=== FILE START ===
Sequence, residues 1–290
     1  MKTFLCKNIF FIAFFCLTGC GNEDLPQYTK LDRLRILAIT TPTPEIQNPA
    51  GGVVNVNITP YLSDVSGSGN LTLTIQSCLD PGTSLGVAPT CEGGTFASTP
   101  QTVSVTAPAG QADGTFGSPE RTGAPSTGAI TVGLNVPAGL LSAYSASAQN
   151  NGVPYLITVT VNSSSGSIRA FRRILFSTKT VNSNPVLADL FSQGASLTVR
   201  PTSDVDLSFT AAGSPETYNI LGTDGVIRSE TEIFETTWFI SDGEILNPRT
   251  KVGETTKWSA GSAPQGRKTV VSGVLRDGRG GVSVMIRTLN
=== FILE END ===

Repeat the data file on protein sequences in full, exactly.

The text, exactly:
Sequence, residues 1–290
     1  MKTFLCKNIF FIAFFCLTGC GNEDLPQYTK LDRLRILAIT TPTPEIQNPA
    51  GGVVNVNITP YLSDVSGSGN LTLTIQSCLD PGTSLGVAPT CEGGTFASTP
   101  QTVSVTAPAG QADGTFGSPE RTGAPSTGAI TVGLNVPAGL LSAYSASAQN
   151  NGVPYLITVT VNSSSGSIRA FRRILFSTKT VNSNPVLADL FSQGASLTVR
   201  PTSDVDLSFT AAGSPETYNI LGTDGVIRSE TEIFETTWFI SDGEILNPRT
   251  KVGETTKWSA GSAPQGRKTV VSGVLRDGRG GVSVMIRTLN